This issue is always presented as something that needs to be stopped—the killings, the arms, the smuggling. Once we stop the flow of these items, the problem will end, or so we are told. Less often do we think in terms of "Why does all of this evidently profitable 'commerce' go on anyhow?" I know a young lady who teaches in a Catholic high school in small Iowa town. I asked her if she sees any of this drug business there or if she has ever heard any preaching about it. She said that it does go on and there is general silence. Of course, we see "drug free" signs in many places, especially schools. Whether those areas are or are not "drug free" we often must wonder about. The drugs are evidently being sold all over the place. We know that what results in the purchasers—addiction, broken lives—are usually treated as health or recreation problems, not criminal problems.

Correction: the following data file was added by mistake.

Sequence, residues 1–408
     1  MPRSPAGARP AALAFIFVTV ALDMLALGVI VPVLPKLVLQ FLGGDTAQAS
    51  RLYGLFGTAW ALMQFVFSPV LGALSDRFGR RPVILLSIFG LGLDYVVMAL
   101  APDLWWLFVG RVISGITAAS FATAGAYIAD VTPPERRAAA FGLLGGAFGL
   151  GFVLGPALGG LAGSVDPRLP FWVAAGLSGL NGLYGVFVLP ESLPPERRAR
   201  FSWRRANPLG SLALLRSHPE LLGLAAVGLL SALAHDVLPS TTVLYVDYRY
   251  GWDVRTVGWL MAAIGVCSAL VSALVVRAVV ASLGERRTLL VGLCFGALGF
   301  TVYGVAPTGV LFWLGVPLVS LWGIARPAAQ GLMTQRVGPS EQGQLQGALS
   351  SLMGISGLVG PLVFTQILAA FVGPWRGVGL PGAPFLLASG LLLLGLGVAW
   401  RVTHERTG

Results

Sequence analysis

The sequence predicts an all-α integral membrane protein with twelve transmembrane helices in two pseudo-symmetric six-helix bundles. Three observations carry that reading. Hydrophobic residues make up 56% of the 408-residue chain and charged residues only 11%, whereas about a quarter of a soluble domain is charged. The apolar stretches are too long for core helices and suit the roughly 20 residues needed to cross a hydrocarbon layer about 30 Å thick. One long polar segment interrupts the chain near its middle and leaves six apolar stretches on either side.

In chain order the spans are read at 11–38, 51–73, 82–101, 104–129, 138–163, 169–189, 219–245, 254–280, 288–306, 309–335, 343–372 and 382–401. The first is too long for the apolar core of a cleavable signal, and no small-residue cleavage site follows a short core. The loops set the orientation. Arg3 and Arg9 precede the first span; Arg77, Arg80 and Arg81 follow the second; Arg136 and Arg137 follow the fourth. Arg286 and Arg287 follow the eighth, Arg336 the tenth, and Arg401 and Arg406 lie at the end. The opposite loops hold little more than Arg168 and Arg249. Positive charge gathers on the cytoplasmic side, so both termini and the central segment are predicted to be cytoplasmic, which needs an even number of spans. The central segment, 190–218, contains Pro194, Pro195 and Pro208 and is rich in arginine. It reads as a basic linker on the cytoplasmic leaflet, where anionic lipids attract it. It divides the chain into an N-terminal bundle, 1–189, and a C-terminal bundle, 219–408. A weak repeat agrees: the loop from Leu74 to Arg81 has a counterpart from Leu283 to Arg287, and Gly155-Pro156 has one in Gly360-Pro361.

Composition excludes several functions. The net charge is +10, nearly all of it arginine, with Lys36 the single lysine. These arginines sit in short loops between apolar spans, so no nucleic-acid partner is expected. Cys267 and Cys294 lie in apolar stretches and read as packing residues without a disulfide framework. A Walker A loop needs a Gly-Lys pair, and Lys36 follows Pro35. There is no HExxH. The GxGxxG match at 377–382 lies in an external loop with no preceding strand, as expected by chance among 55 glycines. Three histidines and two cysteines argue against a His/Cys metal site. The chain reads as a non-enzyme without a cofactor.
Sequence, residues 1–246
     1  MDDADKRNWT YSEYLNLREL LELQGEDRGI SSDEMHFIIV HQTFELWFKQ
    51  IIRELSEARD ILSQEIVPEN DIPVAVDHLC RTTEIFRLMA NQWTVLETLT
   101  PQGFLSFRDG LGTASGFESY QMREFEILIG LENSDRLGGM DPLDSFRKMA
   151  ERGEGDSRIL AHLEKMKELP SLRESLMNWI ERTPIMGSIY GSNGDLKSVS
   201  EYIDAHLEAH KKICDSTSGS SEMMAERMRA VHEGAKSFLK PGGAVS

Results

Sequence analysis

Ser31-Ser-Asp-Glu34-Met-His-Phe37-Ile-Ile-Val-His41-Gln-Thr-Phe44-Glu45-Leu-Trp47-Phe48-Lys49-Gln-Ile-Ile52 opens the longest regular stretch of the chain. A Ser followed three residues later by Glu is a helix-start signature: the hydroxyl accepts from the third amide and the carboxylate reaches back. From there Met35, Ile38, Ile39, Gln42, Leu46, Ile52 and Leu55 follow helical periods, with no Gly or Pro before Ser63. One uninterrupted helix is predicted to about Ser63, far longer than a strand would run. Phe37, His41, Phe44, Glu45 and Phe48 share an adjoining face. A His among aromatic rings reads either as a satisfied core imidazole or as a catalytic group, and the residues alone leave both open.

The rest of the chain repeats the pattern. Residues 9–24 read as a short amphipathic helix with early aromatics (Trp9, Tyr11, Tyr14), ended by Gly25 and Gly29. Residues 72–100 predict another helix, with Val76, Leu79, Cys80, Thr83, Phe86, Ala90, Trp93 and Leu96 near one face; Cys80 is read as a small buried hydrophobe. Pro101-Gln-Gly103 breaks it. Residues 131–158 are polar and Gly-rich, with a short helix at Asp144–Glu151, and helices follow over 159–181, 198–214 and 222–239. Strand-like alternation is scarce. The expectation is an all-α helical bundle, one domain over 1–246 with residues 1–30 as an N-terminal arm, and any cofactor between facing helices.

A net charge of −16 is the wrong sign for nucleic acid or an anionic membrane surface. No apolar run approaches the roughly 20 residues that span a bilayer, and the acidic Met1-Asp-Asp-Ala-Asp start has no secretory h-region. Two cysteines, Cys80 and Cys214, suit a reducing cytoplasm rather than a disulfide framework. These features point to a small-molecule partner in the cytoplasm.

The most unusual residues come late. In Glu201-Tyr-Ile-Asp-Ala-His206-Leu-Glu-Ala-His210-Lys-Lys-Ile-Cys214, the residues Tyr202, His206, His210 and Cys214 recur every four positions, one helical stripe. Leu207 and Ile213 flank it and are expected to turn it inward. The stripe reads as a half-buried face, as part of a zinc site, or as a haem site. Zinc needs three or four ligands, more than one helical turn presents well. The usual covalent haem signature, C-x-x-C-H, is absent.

It is with this background that I was particularly interested in a passage in the Light of the World interview of Benedict XVI with Peter Seewald. As I mentioned in the beginning citation, Benedict is quite up-to-date on this issue. He regularly hears bishops from all over the world, particularly Latin America. They report to him what is going on in their dioceses. When this drug trafficking appears, as it does in more and more places, it is as if an "evil monster had its hand on the country."

Something diabolical surrounds this trade, in fact. "I believe that we do not have an adequate idea of the power of this serpent of drug trafficking and consumption that spans the globe," Benedict continues. Where have we heard of that "serpent" before? With our eyes, we see that this scourge "destroys youth, it destroys families, it leads to violence and endangers the future of entire nations." We have seen these effects in Columbia. We now see it in Mexico if not in our own country.